Wealth Management Is a Risky Gold Rush for Banks

Today’s markets love nothing more than a growth narrative and, with wealth management, banks finally have one. The risk is that they all crowd in at the same time.

Among banks valued above $100 billion, Morgan Stanley and UBS have been the top stock-market performers of the past half-decade. Both companies bet on wealth management and private banking. Morgan Stanley, now the highest-valued big bank in the world, acquired asset manager Eaton Vance and online broker E*Trade with a goal of managing $10 trillion in client assets. UBS incorporated Credit Suisse, creating a wealth-focused behemoth under the “Swiss banking” brand.

Understandably, others are trying to follow in their wake. Goldman Sachs, the emblematic Wall Street trading house, has merged and reshuffled its asset and wealth-management divisions in a push to make them generate a much bigger chunk of the group’s earnings. France’s BNP Paribas is planning “massive growth” in Switzerland to scoop up some of Credit Suisse’s former business, according to an interview with the boss of its Swiss wealth division in trade publication Citywire.

Britain’s HSBC and Lloyds are also moving in this direction. Even Barclays, which in February ruled out a full pivot away from investment banking, aims to strengthen its small Private Bank & Wealth Management arm. Deutsche Bank has hired more relationship and investment managers in Germany even as it has retreated from investment banking.

The industry’s love affair with the rich is a rational one. Post-2008 regulations require banks to hold more capital, which is a bigger problem for investment banking than for relatively capital-light wealth management. Among top banks in the U.S. and Europe, wealth and asset management arms had an average return on tangible equity of 21% in 2023, compared with a paltry 12% for investment banking.

Also, the trading gains made by investment banks, which depend on the gyrations of financial markets, are an unreliable source of income. Even stripping out the 2008 crash and the pandemic, they have been four times more volatile since 2004 than fees and commissions. Moreover, transaction-based fees only made up 15% of wealth-management revenues in 2023, according to Coalition Greenwich. Rich clients, who are usually locked in for years, pay much more in recurring fees, hold large amounts of cash and, crucially, take out loans. This means a lot of stable net interest income, which amounted to almost half of revenues.

To boot, wealth management is poised for growth. The UBS Global Wealth Report anticipates that there will be 86 million millionaires in the world by 2027, up from 59 million in 2022. It is a market served by local relationships, which means the top banks only have a 32% share, Coalition Greenwich research shows. That leaves room for growth. In trading and corporate finance, where economies of scale are strong, top banks’ share rises to 67% and 48%, respectively.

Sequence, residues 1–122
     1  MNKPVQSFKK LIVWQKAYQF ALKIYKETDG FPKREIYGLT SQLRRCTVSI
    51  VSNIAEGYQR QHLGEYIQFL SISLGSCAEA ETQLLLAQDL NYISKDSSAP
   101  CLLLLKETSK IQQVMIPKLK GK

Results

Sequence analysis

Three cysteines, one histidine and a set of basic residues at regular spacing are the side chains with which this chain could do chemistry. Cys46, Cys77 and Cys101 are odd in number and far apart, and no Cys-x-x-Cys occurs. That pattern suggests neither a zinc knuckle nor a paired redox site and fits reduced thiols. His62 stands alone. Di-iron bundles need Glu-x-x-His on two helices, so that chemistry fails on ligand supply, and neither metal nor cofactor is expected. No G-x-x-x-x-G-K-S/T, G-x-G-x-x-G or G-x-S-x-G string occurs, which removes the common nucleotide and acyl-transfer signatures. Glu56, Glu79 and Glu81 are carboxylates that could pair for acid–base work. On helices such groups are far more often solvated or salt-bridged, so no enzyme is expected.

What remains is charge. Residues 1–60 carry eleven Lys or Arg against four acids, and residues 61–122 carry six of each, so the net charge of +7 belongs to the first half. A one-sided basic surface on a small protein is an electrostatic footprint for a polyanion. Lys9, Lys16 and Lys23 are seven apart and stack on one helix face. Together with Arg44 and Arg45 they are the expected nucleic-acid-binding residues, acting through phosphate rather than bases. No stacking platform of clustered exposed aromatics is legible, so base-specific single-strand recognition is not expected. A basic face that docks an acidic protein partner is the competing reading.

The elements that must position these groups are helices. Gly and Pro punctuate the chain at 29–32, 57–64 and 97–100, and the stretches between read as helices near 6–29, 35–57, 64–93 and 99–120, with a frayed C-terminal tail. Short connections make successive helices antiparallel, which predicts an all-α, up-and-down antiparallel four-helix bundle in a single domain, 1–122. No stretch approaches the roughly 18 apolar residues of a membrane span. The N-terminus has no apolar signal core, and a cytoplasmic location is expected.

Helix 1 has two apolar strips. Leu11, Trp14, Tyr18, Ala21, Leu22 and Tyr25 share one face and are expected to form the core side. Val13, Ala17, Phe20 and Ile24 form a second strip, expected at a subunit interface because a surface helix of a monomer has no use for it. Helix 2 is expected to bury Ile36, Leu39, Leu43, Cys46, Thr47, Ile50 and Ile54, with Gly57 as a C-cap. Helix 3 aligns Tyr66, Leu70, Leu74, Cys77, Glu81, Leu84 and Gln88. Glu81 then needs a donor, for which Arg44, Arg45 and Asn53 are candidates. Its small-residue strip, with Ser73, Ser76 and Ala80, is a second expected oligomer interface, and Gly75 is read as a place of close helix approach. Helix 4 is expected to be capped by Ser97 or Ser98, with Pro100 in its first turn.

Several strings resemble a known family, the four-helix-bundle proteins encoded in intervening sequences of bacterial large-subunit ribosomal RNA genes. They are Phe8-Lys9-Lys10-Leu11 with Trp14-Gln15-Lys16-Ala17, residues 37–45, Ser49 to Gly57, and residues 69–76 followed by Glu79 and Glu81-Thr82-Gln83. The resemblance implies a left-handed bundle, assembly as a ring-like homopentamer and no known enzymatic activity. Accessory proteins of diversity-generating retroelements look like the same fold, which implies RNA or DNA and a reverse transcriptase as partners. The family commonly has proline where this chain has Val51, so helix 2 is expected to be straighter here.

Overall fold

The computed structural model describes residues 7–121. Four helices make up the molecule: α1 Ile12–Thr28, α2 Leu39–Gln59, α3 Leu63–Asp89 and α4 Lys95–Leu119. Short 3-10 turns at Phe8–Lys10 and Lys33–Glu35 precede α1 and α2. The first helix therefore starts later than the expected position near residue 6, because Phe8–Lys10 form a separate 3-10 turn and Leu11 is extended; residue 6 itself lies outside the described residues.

Digital technology, artificial intelligence and greater access to private markets seem likely to make large wealth platforms increasingly attractive to clients as well, especially for the “mass affluent” who have between $250,000 and $1 million in investible assets.

This cohort currently makes up less than a quarter of the wealth revenues of the top players. Providing automated customized recommendations to them as a kind of “Netflix of banking” was one of UBS’s pitches before the Credit Suisse acquisition.

But there are risks as banks all pile into the theme. “High net-worth” individuals—those with more than $1 million—might be able to drive a harder bargain in a more crowded market. Below that line, low-cost robo-advising technology is already squeezing profit margins.

The surge in wealth-management assets in recent years has also been matched by increasing expenses. Cost-to-income ratios average 77%, compared with 68% for investment banking and 56% for other banking lines. The U.S., where financial advisers play a more prominent role, is a particularly high-cost market.

Today’s wealth management is both relationship-based and reliant on hefty technology investments. This means firms find it much easier to grow through acquisitions, which can cost a lot. In 2022, for example, UBS agreed to—and then backed out of—a deal to buy California-based digital platform Wealthfront at a steep valuation, in an attempt to reach out to affluent millennials and Gen Zers. Executives have since shifted their attention to the ultrawealthy and are now trying to penetrate the U.S. by wooing family offices.

The room to grow varies greatly depending on geography. In North America, top banks hold half of the market. In Asia-Pacific, it is only 10%.

UBS this week laid out plans to boost its presence in Asia, which makes sense given that it dominates the market. It is the same for HSBC, which last year bought Citi’s retail wealth-management portfolio in China. Similarly, Deutsche Bank’s focus on rich clients in its domestic market seems wise.

But lenders should be wary of venturing into high-cost areas where they don’t have a strong foothold, whether geographically or in terms of the clients targeted. This is why Goldman’s ambitious wealth-management foray under Marc Nachmann, who comes from a markets and investment-banking background, seems risky—even if so far it is going well.

The bank’s recent retreat from consumer banking came with a broader lesson: Not everybody can do everything.

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